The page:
Why print will never go away…

In a presentation, I made a statement that has been questioned rather repeatedly – print will never go away; there will always be demand for some of it.

I am a gadget freak.

My backpack is stocked with a MacBook Air, a retina display iPad, power adaptors of every device, pins, cables, headphones, back-up batteries… My trouser pockets always house 2 iPhone 5s and my travel kit has an iPod 160GB. You get the picture, I am serious about tech! I also put it to use.

I am currently reading my favourites Brahm Stoker’s “Dracula”, and Hiranmay Karlekar’s “End game in Afghanistan – for whom the dice rolls”. And they are both on my iPad. I have a few more I want to read, also lined up, also on my iPad. I have recently finished a reading on the Kindle App on the iPad. I am sure you get the drift…

And yet I believe the world of print will never lose its place.

While I read Dracula on my iPad, I would love to possess an original edition in print. Some may argue, the original would be a collector’s item anyway. Here is one that isn’t a collector’s item just yet. I recently went to a home furnishing store in Meher Chand Market, New Delhi. It was an average sized store selling mainly pillow cases, lamp shades etc. While I waited to for the shoppers accompanying me to finish browsing, I sat on a sofa that looked really inviting. In front of where I sat was a table and on it were curious looking books. At first I thought these were  random books kept for weary shoppers to distract themselves or perhaps, for browsing when one had stopped for breath. Most of the copies were shrink wrapped, a single one was open. I picked it up and started browsing. The book was nothing like I had seen before.

It was an intriguing travelogue of an Indian tourist destination. The book looked less like a reference product and more like a ‘travel companion’. The book had an earthy and ‘well travelled’ look. Its cover had an ancient map spreading across the front and back. A deliberately torn printed paper formed a loose wrap-around from the front to the back cover. The back cover housed a rubber band that doubled as a bookmark. The inner side of the back cover had a pocket to hold documents. The book was printed on hand made paper with eco-friendly inks. It had multiple colours on the inner pages, all aligned with the central theme of the book. I know, I know, it was love at first sight… I eagerly looked at the publisher’s name, read about the series and was ready to buy all the books in the series. I believe there are 4. Here comes the punchline –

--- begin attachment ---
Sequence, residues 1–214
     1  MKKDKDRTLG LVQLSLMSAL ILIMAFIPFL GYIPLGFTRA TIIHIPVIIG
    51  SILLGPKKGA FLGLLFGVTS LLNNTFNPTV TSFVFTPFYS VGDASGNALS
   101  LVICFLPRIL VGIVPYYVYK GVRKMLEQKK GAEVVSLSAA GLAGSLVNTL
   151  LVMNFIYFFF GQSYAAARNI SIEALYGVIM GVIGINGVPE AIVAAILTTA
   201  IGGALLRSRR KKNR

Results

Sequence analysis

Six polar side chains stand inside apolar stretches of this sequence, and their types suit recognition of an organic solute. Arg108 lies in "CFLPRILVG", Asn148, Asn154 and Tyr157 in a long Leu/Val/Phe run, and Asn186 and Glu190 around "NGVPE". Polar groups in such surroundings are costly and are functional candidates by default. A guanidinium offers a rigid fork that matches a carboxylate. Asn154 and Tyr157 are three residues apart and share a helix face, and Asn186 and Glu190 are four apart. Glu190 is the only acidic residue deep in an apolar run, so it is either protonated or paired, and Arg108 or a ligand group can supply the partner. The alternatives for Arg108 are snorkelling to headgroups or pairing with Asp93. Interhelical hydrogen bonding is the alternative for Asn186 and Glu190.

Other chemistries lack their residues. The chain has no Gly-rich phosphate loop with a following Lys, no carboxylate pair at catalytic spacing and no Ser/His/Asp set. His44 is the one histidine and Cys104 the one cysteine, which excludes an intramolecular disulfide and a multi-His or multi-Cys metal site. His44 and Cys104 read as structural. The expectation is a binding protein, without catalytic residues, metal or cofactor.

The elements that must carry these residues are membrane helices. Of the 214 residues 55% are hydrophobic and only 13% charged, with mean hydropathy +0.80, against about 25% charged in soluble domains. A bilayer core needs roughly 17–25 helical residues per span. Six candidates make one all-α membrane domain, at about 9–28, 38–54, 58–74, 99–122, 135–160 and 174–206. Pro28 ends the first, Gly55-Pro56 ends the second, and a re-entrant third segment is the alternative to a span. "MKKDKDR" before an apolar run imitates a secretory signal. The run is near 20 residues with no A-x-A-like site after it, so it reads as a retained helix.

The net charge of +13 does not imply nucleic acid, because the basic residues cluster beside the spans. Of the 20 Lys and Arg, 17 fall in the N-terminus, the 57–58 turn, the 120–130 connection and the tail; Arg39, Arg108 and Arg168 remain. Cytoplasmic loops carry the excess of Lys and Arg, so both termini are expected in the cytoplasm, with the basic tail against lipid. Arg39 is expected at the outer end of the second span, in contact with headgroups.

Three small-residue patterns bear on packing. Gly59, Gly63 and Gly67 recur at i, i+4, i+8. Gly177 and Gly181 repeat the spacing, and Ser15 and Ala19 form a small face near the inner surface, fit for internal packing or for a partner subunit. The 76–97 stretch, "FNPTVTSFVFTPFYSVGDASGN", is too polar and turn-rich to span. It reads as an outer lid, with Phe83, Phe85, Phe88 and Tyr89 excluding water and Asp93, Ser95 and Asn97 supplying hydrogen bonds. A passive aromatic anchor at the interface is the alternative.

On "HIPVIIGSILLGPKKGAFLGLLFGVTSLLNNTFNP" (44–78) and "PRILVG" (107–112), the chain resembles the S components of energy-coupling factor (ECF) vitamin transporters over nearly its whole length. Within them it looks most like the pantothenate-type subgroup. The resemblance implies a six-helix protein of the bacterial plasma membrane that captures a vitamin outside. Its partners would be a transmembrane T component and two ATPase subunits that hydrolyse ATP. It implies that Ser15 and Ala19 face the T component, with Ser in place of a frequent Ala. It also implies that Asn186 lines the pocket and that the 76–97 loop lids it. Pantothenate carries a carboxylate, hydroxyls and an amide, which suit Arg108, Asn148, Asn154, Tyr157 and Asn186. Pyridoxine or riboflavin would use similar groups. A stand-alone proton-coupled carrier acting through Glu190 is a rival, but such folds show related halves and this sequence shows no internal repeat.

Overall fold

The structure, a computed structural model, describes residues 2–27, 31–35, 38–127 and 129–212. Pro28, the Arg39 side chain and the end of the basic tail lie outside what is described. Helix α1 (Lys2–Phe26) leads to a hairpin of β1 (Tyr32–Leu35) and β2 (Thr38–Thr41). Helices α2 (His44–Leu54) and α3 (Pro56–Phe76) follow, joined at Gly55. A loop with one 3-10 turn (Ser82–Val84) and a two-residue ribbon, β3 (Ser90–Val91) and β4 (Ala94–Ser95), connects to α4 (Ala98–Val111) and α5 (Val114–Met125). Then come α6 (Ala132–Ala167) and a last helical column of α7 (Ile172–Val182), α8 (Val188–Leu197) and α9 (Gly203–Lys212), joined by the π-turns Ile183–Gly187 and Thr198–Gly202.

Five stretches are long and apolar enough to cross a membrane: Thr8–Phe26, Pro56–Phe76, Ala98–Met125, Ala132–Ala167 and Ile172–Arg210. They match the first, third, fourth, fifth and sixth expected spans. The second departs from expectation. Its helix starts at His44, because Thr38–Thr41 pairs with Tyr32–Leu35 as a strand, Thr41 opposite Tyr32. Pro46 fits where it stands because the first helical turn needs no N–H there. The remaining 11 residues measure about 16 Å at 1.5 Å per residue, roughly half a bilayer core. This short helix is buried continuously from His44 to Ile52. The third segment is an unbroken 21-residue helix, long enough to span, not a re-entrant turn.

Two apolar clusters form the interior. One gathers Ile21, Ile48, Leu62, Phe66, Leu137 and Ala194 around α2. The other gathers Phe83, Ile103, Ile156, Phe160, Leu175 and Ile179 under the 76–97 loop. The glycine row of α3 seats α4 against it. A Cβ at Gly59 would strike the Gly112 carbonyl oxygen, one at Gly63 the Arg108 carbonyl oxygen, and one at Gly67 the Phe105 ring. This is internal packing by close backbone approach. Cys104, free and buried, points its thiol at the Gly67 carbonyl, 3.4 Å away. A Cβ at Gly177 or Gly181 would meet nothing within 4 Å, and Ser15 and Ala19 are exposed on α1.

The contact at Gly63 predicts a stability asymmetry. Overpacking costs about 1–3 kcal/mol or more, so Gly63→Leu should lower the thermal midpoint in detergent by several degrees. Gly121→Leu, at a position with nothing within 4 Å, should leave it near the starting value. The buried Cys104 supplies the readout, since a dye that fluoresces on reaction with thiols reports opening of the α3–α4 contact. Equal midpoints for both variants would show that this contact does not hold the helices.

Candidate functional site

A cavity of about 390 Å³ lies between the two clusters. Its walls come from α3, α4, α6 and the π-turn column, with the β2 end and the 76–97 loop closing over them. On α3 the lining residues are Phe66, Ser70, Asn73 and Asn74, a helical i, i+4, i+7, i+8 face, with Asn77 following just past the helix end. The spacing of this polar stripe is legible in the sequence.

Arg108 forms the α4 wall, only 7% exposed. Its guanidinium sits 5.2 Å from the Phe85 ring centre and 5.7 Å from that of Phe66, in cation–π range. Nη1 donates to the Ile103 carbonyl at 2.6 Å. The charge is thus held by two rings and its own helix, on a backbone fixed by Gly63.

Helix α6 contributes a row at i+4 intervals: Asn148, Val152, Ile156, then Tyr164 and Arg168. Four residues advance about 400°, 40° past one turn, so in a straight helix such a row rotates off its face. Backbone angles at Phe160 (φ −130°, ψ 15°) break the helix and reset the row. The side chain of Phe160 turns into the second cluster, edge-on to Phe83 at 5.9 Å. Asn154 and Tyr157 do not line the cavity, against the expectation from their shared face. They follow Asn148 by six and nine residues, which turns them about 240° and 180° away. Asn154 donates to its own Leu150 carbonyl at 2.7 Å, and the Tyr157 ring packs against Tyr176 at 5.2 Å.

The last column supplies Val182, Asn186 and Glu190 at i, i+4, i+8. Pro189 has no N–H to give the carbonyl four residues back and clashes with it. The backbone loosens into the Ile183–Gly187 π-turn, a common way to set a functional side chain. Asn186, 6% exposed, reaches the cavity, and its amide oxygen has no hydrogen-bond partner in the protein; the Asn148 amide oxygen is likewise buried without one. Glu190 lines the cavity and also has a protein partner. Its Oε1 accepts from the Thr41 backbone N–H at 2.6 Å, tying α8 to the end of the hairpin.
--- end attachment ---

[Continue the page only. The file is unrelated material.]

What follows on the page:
Each book is priced at Rs. 1000.00

And I didn’t think twice for paying for all 4. The store however had only 1 destination; it had sold out all the others! I purchased the one that was available. I noted the website listed and as soon as I got back to my office, I was ready to order. It was available online at just one store. I wanted to see if I could get a better price at Flipkart and strangely it wasn’t listed!

There are some powerful lessons to be learned from this:

  1. It is time to move the product to where the seller is ready to buy it. I would never have imagined a travelogue to be in a furnishing store, but nevertheless, this is where it was sold out!
  2. It’s not important that the book is at the most visited online bookstore; niche bookstores were equally good at stocking and selling.